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Although HIV can strike anyone, it is not an equal opportunity virus. Gender inequality, poverty, lack of education and inadequate access to comprehensive sexual and reproductive health services continue to fuel the epidemic. This booklet will detail how and why prevention works. By applying the principles of prevention to diverse populations around the world, the global community can help slow, and possibly halt, what is proving to be one of the greatest health challenges of our time. …
The study provides information on key reproductive and sexual health indicators in young women and men age 15-24 in 38 developing countries. The data come from Demographic and Health Surveys (DHS) and AIDS Indicator Surveys (AIS) conducted between 2001 and 2005. Indicators are selected for the following key areas: background characteristics; adolescent pregnancy; contraception; sexual activity; and HIV/AIDS-related knowledge, attitudes, and behaviors. Additional analysis examines the association of various individual and household characteristics with the key indicators.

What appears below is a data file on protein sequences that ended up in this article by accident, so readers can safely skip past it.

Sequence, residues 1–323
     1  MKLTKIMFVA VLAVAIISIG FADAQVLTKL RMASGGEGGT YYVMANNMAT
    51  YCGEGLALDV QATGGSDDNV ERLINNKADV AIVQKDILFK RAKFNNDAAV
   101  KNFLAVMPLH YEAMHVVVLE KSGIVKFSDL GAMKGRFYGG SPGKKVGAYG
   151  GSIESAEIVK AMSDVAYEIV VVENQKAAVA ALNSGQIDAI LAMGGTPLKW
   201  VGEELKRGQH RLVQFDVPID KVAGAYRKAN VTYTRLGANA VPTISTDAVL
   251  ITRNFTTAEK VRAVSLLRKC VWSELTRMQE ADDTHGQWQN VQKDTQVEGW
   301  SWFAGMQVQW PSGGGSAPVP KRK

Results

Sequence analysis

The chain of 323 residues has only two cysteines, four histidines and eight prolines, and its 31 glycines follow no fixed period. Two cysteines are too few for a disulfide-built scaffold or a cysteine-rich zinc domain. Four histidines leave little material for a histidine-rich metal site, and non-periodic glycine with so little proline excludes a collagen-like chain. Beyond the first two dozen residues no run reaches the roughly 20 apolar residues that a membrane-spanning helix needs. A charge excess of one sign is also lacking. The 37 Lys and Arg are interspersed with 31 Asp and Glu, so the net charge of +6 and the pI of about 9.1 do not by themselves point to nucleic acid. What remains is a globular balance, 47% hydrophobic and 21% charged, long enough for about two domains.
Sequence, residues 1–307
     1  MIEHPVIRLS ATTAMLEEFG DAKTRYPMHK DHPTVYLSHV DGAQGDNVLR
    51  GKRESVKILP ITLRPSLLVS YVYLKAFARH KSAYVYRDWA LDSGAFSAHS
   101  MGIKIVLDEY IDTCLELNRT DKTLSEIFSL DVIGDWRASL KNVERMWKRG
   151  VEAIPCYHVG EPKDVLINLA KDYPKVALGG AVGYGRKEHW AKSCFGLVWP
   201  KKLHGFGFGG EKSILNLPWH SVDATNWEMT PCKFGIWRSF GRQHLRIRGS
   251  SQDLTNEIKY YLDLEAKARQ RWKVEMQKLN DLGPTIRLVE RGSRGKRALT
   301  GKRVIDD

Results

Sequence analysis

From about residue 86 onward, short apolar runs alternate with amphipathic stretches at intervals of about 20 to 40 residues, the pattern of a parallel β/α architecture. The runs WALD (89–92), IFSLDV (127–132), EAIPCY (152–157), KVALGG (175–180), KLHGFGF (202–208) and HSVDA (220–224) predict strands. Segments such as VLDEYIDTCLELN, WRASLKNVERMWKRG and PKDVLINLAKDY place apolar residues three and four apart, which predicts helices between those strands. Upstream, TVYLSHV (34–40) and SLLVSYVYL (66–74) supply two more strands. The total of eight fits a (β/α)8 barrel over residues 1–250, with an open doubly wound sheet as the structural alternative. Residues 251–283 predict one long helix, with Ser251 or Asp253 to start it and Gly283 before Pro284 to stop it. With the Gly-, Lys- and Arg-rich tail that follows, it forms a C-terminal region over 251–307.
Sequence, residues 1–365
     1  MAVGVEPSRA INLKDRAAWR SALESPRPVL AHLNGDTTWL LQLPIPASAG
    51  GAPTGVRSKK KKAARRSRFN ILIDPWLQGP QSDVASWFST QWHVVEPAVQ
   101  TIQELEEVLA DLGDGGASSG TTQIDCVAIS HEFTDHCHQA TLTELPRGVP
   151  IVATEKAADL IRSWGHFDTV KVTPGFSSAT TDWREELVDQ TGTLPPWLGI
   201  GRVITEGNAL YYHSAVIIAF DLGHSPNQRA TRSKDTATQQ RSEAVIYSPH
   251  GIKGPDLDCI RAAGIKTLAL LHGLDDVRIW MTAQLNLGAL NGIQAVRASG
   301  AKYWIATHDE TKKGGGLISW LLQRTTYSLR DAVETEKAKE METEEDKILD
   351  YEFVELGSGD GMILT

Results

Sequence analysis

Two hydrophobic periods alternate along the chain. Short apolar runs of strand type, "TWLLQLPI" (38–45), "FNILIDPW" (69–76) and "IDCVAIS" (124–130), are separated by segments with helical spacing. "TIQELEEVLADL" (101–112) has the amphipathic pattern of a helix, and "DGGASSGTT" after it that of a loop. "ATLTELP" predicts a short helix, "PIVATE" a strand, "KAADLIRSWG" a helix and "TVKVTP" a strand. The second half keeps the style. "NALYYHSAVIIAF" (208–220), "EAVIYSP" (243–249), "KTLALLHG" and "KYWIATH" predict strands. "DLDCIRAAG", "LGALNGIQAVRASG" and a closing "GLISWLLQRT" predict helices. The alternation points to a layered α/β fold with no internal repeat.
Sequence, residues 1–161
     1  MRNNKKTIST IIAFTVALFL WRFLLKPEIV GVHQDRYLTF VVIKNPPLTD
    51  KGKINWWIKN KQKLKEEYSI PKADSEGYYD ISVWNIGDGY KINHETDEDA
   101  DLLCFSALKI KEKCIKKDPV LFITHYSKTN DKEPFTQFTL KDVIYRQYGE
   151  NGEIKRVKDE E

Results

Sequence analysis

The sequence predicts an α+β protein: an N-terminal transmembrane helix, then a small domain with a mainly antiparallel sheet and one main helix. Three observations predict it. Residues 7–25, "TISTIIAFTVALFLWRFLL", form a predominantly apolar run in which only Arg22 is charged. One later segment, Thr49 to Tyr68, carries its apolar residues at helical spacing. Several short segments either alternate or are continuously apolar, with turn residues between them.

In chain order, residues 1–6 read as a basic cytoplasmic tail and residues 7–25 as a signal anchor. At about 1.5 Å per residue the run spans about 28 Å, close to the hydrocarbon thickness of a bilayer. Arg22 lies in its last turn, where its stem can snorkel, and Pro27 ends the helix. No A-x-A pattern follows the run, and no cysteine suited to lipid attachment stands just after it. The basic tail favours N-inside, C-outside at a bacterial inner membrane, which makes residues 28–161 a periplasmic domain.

A report of a one-day Technical Meeting organized by the HORIZONS Program in April 2003 with the main objective to develop and set priorities for an operations research agenda on outstanding questions about effective behaviour change strategies for HIV risk reduction, particularly those that focus on what have been called the "ABC" behaviours: Abstinence or delayed sexual initiation, Be faithful/reducing number of partners, and Condom.